The Department of Energy (DOE) has quietly issued a proposal that could seriously undermine US energy efficiency standards for many appliances and products — everything from air conditioners and refrigerators to light bulbs and electric motors. Last month, it proposed a rule that would allow individual manufacturers to secretly opt out of testing requirements.
With the public comment period now closed on DOE’s proposal to rollback light bulb energy efficiency standards, the verdict is in. ASAP has been tracking DOE rulemaking work for about twenty years and we’ve never seen a DOE proposal generate opposition from such a wide range of stakeholders and from so many individual citizens.
The Trump administration will soon release a proposed rule on light bulb standards. The details are under wraps, but manufacturers have lobbied for an illegal rollback of strong standards with which they must comply beginning in 2020. Our new issue brief shows what’s at stake.
National standards that require appliances and equipment to be more energy efficient do more than save energy and reduce utility bills. They also spur economic growth and create jobs — a lot of jobs. In fact, our new report reveals that they created or sustained nearly 300,000 jobs in 2016 and are projected to support 553,000 jobs in 2030. These jobs benefit every US state.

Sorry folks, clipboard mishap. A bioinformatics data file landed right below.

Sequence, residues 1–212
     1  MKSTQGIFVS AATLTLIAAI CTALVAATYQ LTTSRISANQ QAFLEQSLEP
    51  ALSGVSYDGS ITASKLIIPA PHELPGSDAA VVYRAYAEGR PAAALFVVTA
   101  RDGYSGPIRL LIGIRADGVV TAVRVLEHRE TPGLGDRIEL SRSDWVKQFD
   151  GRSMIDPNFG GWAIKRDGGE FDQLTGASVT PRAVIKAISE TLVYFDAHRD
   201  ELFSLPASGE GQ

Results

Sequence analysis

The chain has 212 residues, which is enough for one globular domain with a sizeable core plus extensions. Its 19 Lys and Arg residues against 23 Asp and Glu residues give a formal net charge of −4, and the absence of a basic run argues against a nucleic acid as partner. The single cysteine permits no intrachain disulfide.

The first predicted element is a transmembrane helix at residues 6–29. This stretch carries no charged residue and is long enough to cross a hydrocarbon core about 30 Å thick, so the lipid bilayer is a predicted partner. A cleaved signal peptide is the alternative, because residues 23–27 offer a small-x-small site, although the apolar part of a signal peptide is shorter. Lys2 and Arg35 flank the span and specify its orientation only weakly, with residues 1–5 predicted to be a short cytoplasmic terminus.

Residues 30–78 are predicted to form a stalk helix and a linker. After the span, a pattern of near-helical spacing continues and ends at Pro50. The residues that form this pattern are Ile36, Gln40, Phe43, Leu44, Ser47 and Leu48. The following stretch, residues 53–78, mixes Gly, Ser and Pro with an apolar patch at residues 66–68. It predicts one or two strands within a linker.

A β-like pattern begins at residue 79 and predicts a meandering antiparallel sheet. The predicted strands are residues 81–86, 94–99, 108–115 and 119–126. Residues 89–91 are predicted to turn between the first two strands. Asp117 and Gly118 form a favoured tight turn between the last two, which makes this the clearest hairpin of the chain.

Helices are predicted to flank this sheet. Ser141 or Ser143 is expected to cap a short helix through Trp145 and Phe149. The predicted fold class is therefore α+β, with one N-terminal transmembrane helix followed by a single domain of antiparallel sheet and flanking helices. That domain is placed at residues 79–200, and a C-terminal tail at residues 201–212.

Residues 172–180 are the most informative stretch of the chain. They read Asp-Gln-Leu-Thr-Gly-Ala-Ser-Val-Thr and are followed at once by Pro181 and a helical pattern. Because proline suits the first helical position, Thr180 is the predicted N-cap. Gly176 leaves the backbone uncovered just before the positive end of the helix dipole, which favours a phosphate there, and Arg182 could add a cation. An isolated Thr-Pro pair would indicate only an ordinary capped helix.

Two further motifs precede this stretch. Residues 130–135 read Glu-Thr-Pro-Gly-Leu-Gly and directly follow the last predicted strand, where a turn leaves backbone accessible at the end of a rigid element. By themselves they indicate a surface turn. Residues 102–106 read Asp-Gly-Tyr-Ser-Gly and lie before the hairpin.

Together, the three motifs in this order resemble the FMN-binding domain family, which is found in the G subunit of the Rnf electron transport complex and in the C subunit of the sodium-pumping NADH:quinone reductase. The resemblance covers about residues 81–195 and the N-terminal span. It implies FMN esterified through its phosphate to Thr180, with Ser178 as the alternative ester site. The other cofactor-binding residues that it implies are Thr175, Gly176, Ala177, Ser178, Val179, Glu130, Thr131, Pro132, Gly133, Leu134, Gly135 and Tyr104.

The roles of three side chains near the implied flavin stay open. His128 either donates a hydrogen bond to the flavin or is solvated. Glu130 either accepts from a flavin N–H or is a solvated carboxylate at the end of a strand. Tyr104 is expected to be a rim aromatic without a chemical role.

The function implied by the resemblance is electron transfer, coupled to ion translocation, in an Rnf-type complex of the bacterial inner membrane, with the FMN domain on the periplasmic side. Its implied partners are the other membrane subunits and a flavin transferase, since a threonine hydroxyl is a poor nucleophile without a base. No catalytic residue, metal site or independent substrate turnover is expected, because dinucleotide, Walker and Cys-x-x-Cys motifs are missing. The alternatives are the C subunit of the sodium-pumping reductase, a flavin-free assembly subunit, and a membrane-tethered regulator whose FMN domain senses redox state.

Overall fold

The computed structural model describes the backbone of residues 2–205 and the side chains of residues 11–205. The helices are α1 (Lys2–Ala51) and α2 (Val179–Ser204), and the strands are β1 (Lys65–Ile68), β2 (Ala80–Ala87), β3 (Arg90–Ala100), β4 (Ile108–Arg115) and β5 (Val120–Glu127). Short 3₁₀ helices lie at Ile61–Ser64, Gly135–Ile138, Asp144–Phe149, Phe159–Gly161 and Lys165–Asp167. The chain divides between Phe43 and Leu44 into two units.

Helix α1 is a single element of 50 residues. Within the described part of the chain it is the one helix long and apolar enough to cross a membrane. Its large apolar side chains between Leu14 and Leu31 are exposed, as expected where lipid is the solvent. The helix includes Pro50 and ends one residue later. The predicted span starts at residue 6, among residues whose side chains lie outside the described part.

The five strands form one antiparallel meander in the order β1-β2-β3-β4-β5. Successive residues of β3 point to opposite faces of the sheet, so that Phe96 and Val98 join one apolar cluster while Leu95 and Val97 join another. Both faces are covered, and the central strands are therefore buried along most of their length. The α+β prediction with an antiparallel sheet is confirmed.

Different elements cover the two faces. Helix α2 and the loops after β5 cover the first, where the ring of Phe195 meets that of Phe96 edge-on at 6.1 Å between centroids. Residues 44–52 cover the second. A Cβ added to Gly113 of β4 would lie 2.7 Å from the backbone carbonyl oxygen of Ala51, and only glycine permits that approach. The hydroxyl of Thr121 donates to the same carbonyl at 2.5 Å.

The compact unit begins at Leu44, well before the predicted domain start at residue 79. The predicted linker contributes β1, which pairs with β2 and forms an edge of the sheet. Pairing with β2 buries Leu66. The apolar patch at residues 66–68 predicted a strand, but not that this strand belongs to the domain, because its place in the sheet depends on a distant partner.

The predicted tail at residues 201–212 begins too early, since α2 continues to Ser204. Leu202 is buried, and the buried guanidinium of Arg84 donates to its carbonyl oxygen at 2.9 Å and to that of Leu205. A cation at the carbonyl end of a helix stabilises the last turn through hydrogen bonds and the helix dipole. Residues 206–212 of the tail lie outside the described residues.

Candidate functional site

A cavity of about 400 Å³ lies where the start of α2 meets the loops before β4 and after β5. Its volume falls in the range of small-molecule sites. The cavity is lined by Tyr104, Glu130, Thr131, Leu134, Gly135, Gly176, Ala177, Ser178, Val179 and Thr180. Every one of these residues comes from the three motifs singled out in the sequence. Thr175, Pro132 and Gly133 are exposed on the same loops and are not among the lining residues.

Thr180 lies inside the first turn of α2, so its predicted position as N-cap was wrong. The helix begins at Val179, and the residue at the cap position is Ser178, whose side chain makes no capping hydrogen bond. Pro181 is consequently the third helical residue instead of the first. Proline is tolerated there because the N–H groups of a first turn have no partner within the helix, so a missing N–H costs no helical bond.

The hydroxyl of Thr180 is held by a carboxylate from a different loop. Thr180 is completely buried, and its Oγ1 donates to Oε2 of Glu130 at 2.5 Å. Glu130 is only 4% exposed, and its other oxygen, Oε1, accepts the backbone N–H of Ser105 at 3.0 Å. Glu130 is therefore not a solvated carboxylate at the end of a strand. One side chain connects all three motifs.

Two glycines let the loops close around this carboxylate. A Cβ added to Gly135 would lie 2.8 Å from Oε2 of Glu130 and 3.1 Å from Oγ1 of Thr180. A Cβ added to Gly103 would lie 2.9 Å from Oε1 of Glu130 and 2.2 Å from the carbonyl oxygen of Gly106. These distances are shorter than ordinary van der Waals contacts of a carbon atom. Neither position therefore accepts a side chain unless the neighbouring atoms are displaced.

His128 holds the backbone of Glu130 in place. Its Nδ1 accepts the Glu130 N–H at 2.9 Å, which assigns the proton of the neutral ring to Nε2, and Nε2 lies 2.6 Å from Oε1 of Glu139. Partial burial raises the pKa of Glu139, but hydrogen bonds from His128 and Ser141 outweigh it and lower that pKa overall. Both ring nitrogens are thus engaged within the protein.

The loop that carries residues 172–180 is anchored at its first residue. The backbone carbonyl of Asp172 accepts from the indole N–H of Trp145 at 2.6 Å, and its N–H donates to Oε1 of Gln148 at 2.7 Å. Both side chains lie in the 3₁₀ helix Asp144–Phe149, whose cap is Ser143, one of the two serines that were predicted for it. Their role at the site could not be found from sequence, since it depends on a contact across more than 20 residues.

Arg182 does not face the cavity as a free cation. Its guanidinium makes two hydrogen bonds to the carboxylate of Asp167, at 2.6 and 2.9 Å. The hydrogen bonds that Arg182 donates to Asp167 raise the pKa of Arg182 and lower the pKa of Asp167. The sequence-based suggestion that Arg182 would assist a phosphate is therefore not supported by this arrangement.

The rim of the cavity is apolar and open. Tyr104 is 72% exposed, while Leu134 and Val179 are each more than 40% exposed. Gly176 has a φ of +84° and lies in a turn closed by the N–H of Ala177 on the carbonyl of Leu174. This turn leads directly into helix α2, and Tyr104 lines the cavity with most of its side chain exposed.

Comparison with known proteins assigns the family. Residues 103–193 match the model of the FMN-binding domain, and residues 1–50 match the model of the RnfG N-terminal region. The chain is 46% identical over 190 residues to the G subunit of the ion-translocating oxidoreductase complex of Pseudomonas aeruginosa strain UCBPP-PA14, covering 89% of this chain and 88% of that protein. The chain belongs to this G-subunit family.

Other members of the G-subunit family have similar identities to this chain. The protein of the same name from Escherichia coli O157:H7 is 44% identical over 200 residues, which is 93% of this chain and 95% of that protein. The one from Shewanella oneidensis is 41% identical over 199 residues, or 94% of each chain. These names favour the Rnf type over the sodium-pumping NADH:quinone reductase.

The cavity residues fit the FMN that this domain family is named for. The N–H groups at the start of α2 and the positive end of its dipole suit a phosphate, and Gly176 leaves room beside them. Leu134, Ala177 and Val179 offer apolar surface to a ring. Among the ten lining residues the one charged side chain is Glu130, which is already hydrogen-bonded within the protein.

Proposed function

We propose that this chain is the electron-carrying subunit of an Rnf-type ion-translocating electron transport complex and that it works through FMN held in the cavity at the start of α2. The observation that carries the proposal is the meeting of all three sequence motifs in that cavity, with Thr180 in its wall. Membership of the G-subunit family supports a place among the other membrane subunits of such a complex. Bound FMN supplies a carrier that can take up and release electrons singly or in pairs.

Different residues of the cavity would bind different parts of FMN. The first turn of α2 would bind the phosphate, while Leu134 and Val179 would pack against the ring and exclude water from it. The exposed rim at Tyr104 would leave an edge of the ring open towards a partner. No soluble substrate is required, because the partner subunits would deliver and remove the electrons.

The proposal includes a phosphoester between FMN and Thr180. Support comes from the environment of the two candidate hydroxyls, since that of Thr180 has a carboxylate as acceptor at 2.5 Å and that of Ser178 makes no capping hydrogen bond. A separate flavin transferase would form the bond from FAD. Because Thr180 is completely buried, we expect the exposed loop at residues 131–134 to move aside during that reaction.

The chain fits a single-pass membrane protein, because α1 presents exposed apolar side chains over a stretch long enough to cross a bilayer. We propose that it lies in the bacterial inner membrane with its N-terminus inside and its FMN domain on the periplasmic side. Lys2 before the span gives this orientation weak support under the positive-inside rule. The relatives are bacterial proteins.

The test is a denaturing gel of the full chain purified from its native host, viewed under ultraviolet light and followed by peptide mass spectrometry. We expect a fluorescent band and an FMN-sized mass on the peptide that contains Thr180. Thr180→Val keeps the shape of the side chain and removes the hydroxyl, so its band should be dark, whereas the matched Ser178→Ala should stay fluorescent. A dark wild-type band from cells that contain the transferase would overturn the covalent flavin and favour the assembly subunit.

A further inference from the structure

A legal loophole has already denied American consumers expected energy savings from efficiency standards on fluorescent tubes. Unless it is closed, this loophole threatens additional missed savings, particularly for households and small businesses. General service fluorescent lamps (fluorescent tubes) are ubiquitous in U.S. commercial buildings but also common in homes.
With a little more than a year elapsed since President Trump’s inauguration, progress on federal appliance standards has slowed to a crawl, while state efforts are picking up steam. Although the administration affirmed or completed several important Obama-era standards during its first months, others remain in limbo.
Manufacturers are not just meeting, but beating new efficiency standards for commercial ice makers that take effect on January 28. This is good news for the restaurants, hotels, convenience stores, and other businesses that use ice makers since more-efficient equipment means lower utility bills.